ad info
   personal technology

 custom news
 Headline News brief
 daily almanac
 CNN networks
 CNN programs
 on-air transcripts
 news quiz

CNN Websites
 video on demand
 video archive
 audio on demand
 news email services
 free email accounts
 desktop headlines

 message boards




Efforts made to prevent privacy abuses against U.S. citizens

June 7, 1999
Web posted at: 11:53 a.m. EDT (1553 GMT)

by Daniel Verton

Federal Computer Week

   Message Board: Online privacy

   Sign up for the Computer Connection email service

   For more computing stories


(IDG) -- Congress has squared off with the National Security Agency over a top-secret U.S. global electronic surveillance program, requesting top intelligence officials to report on the legal standards used to prevent privacy abuses against U.S. citizens.

According to an amendment to the fiscal 2000 Intelligence Authorization Act proposed last month by Rep. Bob Barr (R-Ga.), the director of Central Intelligence, the director of NSA and the attorney general must submit a report within 60 days of the bill becoming law that outlines the legal standards being employed to safeguard the privacy of American citizens against Project Echelon.

Echelon is NSA's Cold War-vintage global spying system, which consists of a worldwide network of clandestine listening posts capable of intercepting electronic communications such as e-mail, telephone conversations, faxes, satellite transmissions, microwave links and fiber-optic communications traffic. However, the European Union last year raised concerns that the system may be regularly violating the privacy of law-abiding citizens.

  Federal Computer Week home page
  Federal Computer Week's Y2K resource page
  Year 2000 World
 Reviews & in-depth info at's personal news page's products pages
  Questions about computers? Let's editors help you
  Subscribe to's free daily newsletters
  Search in 12 languages
 News Radio
 * Fusion audio primers
 * Computerworld Minute

However, NSA, the supersecret spy agency known best for its worldwide eavesdropping capabilities, for the first time in the history of the House Permanent Select Committee on Intelligence refused to hand over documents on the Echelon program, claiming attorney/client privilege.

Congress is "concerned about the privacy rights of American citizens and whether or not there are constitutional safeguards being circumvented by the manner in which the intelligence agencies are intercepting and/or receiving international communications...from foreign nations that would otherwise be prohibited by...the limitations on the collection of domestic intelligence," Barr said. "This very straightforward amendment...will help guarantee the privacy rights of American citizens [and] will protect the oversight responsibilities of the Congress which are now under assault" by the intelligence community.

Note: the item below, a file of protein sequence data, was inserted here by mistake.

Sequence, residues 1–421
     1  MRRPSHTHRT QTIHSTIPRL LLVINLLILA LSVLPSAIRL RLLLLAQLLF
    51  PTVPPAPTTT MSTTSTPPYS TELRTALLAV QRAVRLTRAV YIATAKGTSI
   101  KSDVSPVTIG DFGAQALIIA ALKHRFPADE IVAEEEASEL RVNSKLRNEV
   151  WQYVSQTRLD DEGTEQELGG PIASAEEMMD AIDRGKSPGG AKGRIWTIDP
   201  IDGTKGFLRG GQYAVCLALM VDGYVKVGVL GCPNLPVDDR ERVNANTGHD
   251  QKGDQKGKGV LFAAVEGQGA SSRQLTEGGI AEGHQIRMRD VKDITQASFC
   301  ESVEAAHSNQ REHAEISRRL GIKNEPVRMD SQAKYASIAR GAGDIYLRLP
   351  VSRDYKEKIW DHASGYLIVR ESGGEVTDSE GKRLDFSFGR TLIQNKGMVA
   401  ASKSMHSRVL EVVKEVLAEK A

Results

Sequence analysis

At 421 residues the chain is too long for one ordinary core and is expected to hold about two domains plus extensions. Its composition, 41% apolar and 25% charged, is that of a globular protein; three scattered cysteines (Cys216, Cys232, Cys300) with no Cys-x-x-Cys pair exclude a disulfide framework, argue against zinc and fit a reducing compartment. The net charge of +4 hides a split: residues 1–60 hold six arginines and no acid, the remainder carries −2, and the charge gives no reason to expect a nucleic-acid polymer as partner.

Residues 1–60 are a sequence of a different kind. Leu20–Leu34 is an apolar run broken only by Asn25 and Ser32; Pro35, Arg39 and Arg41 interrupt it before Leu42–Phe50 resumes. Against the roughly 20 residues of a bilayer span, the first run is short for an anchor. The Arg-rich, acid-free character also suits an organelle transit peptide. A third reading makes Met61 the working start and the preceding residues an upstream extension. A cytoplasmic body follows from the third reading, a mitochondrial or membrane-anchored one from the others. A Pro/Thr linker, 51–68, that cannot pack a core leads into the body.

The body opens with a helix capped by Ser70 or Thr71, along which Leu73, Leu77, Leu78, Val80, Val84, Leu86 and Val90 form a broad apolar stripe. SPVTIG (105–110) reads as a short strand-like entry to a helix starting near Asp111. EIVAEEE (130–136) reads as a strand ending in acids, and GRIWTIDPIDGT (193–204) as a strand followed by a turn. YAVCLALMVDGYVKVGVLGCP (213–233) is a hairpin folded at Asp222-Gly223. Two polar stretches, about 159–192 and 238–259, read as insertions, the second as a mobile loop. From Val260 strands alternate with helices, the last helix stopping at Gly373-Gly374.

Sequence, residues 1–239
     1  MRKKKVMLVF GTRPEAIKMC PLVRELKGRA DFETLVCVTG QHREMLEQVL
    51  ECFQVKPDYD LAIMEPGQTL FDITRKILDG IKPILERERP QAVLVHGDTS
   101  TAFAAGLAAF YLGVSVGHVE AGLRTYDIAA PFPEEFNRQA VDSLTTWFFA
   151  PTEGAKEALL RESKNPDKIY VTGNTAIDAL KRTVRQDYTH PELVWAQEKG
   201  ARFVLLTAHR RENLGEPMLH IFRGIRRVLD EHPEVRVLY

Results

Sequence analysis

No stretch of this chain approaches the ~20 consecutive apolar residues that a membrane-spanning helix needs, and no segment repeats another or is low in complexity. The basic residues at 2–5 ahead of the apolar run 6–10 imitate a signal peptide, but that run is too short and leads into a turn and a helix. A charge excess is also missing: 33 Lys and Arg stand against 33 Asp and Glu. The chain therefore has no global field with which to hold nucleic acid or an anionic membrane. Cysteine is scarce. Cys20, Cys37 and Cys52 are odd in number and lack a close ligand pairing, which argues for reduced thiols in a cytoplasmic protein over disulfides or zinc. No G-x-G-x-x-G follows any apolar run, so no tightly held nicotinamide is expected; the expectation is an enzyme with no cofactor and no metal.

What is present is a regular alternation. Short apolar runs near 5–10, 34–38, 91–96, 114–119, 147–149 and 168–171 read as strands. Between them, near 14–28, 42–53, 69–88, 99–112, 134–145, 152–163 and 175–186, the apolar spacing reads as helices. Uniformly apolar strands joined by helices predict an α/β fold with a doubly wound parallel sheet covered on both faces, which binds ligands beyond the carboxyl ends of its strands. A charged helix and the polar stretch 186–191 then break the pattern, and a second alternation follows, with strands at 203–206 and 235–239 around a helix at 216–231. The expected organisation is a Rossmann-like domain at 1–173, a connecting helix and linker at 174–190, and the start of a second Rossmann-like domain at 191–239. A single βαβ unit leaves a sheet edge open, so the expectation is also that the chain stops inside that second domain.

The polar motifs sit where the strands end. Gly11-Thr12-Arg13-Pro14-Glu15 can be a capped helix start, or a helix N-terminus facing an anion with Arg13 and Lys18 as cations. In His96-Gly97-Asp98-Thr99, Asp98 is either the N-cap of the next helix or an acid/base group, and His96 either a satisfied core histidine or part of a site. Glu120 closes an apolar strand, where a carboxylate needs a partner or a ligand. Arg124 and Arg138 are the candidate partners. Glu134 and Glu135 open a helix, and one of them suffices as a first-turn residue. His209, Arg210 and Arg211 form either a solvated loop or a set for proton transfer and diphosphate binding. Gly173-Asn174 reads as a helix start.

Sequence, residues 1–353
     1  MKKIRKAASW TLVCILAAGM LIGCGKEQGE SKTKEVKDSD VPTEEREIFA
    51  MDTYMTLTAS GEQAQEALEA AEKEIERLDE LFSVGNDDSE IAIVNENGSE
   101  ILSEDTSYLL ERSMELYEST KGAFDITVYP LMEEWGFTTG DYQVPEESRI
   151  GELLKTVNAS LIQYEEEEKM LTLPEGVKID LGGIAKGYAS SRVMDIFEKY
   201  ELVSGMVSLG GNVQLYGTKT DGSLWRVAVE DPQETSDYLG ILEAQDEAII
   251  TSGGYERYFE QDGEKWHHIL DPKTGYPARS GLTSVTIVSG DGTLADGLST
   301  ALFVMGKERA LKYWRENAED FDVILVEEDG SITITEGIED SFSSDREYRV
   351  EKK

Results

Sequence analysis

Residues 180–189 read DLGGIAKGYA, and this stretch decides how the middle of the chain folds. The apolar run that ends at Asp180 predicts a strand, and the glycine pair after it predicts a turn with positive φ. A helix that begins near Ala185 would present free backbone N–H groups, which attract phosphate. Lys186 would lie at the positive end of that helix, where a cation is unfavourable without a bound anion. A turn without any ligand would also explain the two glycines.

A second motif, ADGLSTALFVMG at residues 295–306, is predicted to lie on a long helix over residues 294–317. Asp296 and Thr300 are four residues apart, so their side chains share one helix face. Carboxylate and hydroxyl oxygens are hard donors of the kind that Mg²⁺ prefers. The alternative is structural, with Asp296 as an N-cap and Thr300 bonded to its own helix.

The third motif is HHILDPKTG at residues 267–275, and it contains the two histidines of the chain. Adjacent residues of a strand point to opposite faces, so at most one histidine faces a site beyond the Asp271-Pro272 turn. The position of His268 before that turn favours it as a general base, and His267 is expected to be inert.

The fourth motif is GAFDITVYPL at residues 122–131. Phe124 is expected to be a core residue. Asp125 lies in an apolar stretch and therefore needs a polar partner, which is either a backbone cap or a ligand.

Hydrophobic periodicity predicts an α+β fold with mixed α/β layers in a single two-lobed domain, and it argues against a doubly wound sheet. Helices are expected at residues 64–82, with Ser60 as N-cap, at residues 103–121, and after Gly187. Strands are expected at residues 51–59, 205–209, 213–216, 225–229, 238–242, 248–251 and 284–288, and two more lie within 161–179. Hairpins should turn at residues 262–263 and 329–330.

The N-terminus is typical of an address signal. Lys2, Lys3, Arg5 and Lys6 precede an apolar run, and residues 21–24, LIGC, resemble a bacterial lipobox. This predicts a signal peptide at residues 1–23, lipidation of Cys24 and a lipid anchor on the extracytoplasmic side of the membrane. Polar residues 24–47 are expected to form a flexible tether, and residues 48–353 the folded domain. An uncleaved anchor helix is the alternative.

Calling NSA's argument of attorney/client privilege "unpersuasive and dubious," committee chairman Rep. Peter J. Goss (R-Fla.) said the ability of the intelligence community to deny access to documents on intelligence programs could "seriously hobble the legislative oversight process" provided for by the Constitution and would "result in the envelopment of the executive branch in a cloak of secrecy."

RSA tries Australian end-run around U.S. encryption laws
January 8, 1999
RSA wants you to crack this code
December 23, 1998
Advocates square off in U.S. encryption policy debate
May 24, 1999
U.S. Supreme Court takes up driver's license data privacy
May 21, 1999
Study: 94% of top 100 Web sites post privacy policies
May 14, 1999

European Union may investigate U.S. global spy computer network
Web docs show NSA forecast bloody Tet Offensive
Privacy watchdog group warns about dangers of security measures
Study: 94% of top 100 Web sites post privacy policies
Privacy advocate vows to 'ratchet up' Internet fight
CIOs fear added burden of medical privacy
Note: Pages will open in a new browser window
External sites are not endorsed by CNN Interactive.

National Security Agency
Note: Pages will open in a new browser window
External sites are not endorsed by CNN Interactive.
Enter keyword(s)   go    help

Back to the top   © 2001 Cable News Network. All Rights Reserved.
Terms under which this service is provided to you.
Read our privacy guidelines.